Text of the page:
Celebrations for Conference Finals can feel a little awkward, and a little premature. It's not to say that the Golden State Warriors don't have cause for celebration. After beating the Dallas Mavericks 120-110 last night to close out the Western Conference Finals 4-1, the Warriors have already done what few people (other than hardcore fans) expected them to do.
The Warriors have gone from dynasty to wounded cellar-dwellers to a concoction of a new team combining an old guard and several fresh and — until two months ago — untested-in-the-postseason faces. They were a team with all the right ingredients who were still battling injuries, and who had yet to congeal into a battle-tested group.
Break out the '2021-22 Western Conference Champions' hats and T-shirts, and the presentation of shiny, basketball-shaped hardware. In the ensuing interviews and reports last night, you could have made a drinking game out of every time someone said "...In the Finals for the sixth time in eight years." Reporters would ask the Warriors' lineup variations of these questions: "How does it feel to be back in the Finals after a two-year absence, after a 15-win season two years ago, after suffering so many injuries, set-backs and hardships? How does this moment compare to other all-time, greatest moments?" Reporters asked, "How are you different, personally, than the last time you were in the Finals?"
The Warriors reflected, celebrated, and stipulated: This win is great — it's great to be in the Finals.
But the mission is not complete.
Game 5 had that high-stakes, elimination feel from the tip-off, with both teams going tit-for-tat at each end of the floor. For the Warriors, it was Kevon Looney scoring on the inside and battling for rebounds, it was Stephen Curry, constantly in motion, doing a little bit of everything, it was Draymond and Wiggins (they had 17 and 18 points respectively), and it was Klay Thompson finding his rhythm early and burying shots.
It looked like the Warriors could have just rolled right over the Mavericks, as if gravity would pull them into the orbit of the NBA Finals.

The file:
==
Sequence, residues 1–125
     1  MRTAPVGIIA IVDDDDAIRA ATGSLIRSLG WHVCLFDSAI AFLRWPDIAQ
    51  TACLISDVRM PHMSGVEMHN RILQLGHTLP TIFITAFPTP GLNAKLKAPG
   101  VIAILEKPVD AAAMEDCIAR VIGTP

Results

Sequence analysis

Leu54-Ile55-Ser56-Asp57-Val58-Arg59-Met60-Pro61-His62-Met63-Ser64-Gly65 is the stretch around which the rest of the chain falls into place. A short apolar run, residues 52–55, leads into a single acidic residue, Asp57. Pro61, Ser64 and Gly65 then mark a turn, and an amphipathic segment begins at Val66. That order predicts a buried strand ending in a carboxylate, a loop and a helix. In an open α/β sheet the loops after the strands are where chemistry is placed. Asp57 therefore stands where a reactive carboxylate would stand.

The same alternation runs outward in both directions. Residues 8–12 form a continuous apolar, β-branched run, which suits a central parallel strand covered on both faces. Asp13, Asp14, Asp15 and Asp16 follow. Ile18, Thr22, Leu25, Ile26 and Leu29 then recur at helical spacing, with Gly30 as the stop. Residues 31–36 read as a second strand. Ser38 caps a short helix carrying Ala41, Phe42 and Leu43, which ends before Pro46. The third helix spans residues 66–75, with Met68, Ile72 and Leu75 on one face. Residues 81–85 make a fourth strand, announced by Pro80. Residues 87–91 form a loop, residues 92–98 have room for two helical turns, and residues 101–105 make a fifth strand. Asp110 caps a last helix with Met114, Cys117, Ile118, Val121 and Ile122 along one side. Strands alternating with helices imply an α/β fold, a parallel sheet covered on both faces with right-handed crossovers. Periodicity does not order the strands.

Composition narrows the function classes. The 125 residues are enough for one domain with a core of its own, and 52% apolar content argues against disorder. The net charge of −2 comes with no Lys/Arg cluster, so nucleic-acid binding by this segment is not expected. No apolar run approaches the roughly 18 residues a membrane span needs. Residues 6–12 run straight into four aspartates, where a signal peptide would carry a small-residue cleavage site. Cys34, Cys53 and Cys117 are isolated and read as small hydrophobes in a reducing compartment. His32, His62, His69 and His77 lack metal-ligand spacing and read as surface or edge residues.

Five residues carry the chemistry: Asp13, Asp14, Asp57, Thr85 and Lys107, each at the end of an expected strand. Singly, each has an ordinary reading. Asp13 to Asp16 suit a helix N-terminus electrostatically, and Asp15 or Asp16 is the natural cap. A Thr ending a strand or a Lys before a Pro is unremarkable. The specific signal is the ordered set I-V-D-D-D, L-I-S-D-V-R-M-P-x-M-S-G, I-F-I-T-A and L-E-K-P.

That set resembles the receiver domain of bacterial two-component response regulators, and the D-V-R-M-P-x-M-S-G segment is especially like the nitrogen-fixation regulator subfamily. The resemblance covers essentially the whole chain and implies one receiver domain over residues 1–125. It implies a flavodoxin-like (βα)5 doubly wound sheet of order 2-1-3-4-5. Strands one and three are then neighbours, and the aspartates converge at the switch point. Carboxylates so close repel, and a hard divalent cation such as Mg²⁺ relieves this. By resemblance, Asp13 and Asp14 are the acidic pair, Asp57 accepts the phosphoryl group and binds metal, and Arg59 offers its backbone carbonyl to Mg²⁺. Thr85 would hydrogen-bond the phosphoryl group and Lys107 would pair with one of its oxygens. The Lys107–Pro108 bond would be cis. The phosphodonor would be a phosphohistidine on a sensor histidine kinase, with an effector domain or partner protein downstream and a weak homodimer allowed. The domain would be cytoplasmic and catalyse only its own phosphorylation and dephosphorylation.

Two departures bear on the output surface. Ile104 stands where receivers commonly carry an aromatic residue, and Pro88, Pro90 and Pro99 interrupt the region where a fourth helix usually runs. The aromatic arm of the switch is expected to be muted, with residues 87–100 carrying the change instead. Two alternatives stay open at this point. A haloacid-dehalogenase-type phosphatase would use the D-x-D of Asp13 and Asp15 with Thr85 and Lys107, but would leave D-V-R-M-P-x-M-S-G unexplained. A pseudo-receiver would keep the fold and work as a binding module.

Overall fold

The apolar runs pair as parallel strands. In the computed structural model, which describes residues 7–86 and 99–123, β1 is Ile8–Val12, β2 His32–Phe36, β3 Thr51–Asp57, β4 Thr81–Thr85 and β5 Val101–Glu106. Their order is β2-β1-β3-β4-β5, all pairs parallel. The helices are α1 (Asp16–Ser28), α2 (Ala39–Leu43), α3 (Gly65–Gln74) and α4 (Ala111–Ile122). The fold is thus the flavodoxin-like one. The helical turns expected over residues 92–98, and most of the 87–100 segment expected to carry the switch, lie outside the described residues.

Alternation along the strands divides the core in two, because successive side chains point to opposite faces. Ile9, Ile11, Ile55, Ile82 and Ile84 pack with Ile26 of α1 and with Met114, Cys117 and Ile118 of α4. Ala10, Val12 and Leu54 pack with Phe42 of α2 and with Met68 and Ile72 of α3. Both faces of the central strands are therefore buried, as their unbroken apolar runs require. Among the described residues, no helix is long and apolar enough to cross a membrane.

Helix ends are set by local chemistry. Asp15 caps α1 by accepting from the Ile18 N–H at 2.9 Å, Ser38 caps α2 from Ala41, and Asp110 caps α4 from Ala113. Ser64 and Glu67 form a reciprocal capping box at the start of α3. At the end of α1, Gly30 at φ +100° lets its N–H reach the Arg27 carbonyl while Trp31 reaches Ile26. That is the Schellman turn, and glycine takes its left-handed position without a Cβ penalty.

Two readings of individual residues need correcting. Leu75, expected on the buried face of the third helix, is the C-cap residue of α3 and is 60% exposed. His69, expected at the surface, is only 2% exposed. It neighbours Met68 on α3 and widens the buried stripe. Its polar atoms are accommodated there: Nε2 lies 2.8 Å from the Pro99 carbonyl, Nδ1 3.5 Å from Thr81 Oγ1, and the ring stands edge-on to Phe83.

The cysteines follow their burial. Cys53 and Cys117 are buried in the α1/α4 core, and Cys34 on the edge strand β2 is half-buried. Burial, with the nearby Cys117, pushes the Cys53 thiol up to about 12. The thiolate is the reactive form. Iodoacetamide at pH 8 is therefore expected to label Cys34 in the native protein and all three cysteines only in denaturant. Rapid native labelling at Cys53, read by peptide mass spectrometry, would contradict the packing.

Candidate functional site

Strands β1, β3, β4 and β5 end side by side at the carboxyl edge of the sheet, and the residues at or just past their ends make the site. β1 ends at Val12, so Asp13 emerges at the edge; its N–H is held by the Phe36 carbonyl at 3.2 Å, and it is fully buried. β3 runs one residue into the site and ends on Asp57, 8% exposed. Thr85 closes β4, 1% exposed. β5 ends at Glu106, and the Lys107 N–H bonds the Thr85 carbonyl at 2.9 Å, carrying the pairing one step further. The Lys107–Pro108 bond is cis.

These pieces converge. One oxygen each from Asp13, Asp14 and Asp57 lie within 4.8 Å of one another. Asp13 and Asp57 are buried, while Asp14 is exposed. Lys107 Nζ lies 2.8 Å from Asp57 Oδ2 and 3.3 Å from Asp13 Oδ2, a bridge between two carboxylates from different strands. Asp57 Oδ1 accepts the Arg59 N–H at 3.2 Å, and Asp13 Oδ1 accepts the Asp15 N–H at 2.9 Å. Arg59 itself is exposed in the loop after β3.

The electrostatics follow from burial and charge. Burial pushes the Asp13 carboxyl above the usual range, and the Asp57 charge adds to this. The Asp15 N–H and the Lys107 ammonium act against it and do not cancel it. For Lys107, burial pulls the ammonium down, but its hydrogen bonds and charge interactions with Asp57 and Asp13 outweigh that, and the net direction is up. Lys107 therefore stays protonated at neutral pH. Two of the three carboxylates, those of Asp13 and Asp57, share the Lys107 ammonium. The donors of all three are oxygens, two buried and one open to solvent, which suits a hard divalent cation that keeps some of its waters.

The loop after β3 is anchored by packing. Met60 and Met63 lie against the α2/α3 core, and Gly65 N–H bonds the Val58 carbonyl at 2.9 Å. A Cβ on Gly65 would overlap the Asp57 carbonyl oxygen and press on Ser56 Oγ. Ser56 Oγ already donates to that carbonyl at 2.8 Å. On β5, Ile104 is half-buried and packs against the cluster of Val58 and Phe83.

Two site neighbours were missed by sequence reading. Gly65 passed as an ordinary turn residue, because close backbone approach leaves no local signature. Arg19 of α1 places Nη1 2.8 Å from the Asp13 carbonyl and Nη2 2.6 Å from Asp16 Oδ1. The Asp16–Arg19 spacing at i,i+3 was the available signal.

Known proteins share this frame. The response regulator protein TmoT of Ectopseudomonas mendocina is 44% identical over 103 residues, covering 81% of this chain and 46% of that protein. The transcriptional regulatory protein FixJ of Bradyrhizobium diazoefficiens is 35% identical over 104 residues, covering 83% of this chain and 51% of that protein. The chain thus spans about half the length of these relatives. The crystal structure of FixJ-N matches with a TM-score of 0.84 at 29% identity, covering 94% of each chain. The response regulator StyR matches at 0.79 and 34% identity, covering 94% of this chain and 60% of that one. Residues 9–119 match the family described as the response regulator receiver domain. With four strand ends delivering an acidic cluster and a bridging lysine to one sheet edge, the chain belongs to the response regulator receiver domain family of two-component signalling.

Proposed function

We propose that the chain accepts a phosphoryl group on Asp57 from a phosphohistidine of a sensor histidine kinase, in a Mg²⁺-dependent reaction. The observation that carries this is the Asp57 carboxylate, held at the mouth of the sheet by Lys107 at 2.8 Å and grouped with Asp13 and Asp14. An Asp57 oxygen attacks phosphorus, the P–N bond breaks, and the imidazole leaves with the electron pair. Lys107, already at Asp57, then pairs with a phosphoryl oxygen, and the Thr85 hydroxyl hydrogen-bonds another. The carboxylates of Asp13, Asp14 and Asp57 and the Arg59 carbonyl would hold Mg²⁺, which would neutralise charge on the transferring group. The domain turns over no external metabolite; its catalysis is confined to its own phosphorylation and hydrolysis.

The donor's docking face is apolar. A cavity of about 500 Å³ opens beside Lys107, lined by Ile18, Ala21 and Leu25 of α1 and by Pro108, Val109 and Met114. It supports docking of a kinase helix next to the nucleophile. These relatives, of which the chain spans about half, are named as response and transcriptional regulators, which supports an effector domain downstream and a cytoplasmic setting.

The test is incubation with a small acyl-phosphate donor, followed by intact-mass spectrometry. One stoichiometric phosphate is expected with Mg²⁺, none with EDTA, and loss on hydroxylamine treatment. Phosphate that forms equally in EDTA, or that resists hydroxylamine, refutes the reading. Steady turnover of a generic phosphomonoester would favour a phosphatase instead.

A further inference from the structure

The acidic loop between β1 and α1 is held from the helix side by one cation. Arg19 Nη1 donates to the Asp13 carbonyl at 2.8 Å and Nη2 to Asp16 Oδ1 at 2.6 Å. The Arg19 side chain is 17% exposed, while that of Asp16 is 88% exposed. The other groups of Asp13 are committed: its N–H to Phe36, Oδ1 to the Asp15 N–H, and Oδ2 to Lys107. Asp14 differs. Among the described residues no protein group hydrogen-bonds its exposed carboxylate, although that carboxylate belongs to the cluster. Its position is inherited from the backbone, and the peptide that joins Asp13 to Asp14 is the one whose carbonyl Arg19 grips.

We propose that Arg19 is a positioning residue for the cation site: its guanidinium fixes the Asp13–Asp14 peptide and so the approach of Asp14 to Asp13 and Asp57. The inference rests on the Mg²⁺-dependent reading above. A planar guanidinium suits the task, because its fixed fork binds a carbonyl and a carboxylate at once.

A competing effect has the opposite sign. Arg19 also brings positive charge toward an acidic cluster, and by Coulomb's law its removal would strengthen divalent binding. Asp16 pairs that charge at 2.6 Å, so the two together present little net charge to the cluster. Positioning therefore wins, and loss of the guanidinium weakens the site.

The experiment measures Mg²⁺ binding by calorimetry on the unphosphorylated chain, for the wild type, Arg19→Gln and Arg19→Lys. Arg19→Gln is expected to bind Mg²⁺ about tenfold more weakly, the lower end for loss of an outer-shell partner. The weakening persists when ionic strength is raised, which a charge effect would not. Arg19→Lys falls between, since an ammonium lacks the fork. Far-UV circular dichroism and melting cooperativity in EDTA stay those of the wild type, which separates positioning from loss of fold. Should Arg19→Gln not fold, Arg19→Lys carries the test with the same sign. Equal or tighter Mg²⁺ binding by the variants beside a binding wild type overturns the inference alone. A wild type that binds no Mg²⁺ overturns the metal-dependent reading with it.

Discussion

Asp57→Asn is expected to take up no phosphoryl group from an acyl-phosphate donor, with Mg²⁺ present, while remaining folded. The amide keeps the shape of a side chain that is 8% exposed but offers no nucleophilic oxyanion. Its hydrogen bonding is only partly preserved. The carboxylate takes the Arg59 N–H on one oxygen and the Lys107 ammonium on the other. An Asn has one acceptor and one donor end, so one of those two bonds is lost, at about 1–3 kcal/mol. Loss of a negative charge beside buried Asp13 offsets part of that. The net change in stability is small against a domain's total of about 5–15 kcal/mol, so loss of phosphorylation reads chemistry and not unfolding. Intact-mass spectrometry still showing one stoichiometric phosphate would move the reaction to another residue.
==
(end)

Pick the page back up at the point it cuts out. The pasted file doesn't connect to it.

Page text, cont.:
But the Dallas Mavericks managed to pace Golden State. It was a little Luka Doncic early, it was Reggie Bullock hitting a few threes and seeming to pick up where he left off in Game 4, and it was the defense and timely scoring of Maxi Kleber that kept the Mavs within about five points. A Draymond Green three-pointer late in the first quarter was met with a Spencer Dinwiddie three-point buzzer-beater, and it was 28-23 Warriors after 12 minutes.
Was this going to be a nail-biter?
In the second quarter, it was Jordan Poole, it was the defense and scoring of Nemanja Bjelica, it was Moses Moody hitting a few big shots off the bench, and it was more Klay Thompson being Klay — on his way to a 32-point, 50%-shooting night. The Warriors led by as much as 20 going into the third quarter, and that train that had been gaining steam now seemed to be going full-speed. Destination: Boston or Miami.
After the Warriors' Game 3 win and 3-0 series lead earlier this week, I asked, "Have the Dallas Mavericks ever felt like they were really in the Western Conference Finals?" In the second quarter, the Mavs seemed out of gas — especially Luka Doncic, who only had something like six points in the first half. The TNT announcers said that Doncic was "playing very poor defense," barely running back up the floor after Golden State fast breaks, and failing to "lead by example."